Tuesday, February 16, 2016

Great tips on sensory solutions, calming meltdowns & the creative ways to get kids moving!

We are always looking for some sensory feedback ideas, visuals and strategies. These are some great links that have been shared, and thought you would all like to have a look. Kids will enjoy the movement, the visual, and get the sensory feedback they are seeking. 

These sensory solutions are based on sensory processing theory.  Anxiety and stress have been linked with an amplification of tactile or sensory defensiveness as stress is a behavioural response to environmental input*. Anxiety may be both a cause and an effect of the predominance of the protective system**.  Tantrums or meltdowns are outward demonstrations of the stress and anxiety within your child.  They are responding to their "fight, flight or fright" (sympathetic nervous systems) ... their perceived reality.  Read more about tactile defensiveness and sensory processing here and here.

These activities facilitate self regulation through breathing and proprioceptive input into muscles, skins and joints. They may be incorporated into a sensory diet. Read more about sensory diets here.

Teach these sensory solutions to your children so they have strategies in their "tool kit" to calm down when the need arises.  Teachers may implement these with a whole class.



Here are some great tips from the 'Autism Discussion Page', around how to help if a meltdown occurs, some deep body pressure to calm, some tools that help, importance of having a safe area. 

When meltdowns occur, it is important to immediate remove the demands, activity, and stimulation so the child can rebound. If possible allow the child to escape to a safe area. Allow the child to engage in whatever activity tends to sooth them. They may not want any help from you. If they will except help try to calm the nervous system with deep pressure, proprioception, or simple rhythmic regulatory patterns. These techniques help the nervous system lower the stress chemicals faster

For some children deep pressure can help calm and organize the nervous system. However, if the pressure has to be administered by another person, first teach it to them when they are calm, so they can learn to trust it. You don't want to first introduce it when they are in the middle of a meltdown. If I am using deep pressure techniques with families, I have the parents at first do them daily, when the child is calm, to teach them to enjoy and value the strategies. Then once they are accepting of the techniques, then the parents "offer" them (not force it on them} when upset.

It is very important that once a meltdown occurs you immediate remove the demands to allow the child to rebound. Once in overload, the child looses their coping skills and the "fight or flight" reaction sets in. At this time the best strategy is to (1) remove the child from the immediate sensory, cognitive and social demands, (2) help them feel safe, and (3) provide whatever strategies that help sooth the child. If the child will allow you to help calm them then use calming strategies that you have practiced regularly. However, many child want to be left totally alone. As long as they are safe, honor this need.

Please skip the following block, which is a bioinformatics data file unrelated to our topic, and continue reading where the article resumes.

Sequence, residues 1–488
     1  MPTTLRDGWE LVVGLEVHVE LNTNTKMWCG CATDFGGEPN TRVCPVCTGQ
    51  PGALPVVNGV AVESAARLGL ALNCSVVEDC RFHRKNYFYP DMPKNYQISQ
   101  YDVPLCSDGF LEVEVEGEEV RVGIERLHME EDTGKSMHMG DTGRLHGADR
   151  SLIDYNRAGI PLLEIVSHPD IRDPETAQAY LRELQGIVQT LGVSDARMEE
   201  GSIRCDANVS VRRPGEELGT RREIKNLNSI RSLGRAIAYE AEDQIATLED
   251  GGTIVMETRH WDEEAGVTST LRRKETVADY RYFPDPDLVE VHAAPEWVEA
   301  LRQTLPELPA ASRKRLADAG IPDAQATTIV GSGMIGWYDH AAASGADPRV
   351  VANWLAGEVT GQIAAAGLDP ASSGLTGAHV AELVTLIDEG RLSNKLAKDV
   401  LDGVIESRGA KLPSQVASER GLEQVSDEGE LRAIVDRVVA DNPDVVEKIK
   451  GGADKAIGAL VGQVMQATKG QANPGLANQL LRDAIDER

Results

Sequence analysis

The use of safe areas for the child to escape and rebound is very important. For children who experience frequent overload, such safe areas should be built into the school environment. 

For the children that will allow you to apply deep pressure stimulation to calm and sooth them, these variations are some that I have found successful. However, you must respect the child. Only use these if the child is welcoming the support.

This link had some great ideas, for the older crowd too. With the winter blahs still kicking around the Island, this had suggestions that may appeal. 
Winter Storm? Tips to Get Kids Exercising and Being Creative Indoors!

Indoor Activity Tips
• Keep a list of indoor activities, on hand to help combat the winter blues. See these suggestions for Keeping the "I'm Bored"s at Bay," including Indoor Bowling, Detergent Jug Catch, Balance Beam and Ribbon Limbo.
• If you can’t get your kids away from the video games (particularly the 11- to 15 year-old crowd), provide them with video games that incorporate being active. (Hint: getting your kids to work up a sweat is the goal) Research  shows that active video games have exercise-like effects on kids. Bring on the “Dance Central" and "Kinect Sports: Boxing," to help children move more.

More Ideas for Indoor Fun
• Now might be the perfect time to introduce your kids to some of your favorite exercises, like yoga or pilates. Play that exercise video and get moving! 
• Exercise aside, how about doing something creative? Movie making is always fun. Over the years, my kids have enjoyed making their own home movies, from drama to comedy. (To tell the truth, they’re all comedy to me, when I watch them!) 

After all of that exercise and creative work, you and the kids are entitled to sit down and watch some movies. Rent some of your favorites or, if you have home movies, relive memories by watching them. Stay safe and warm!

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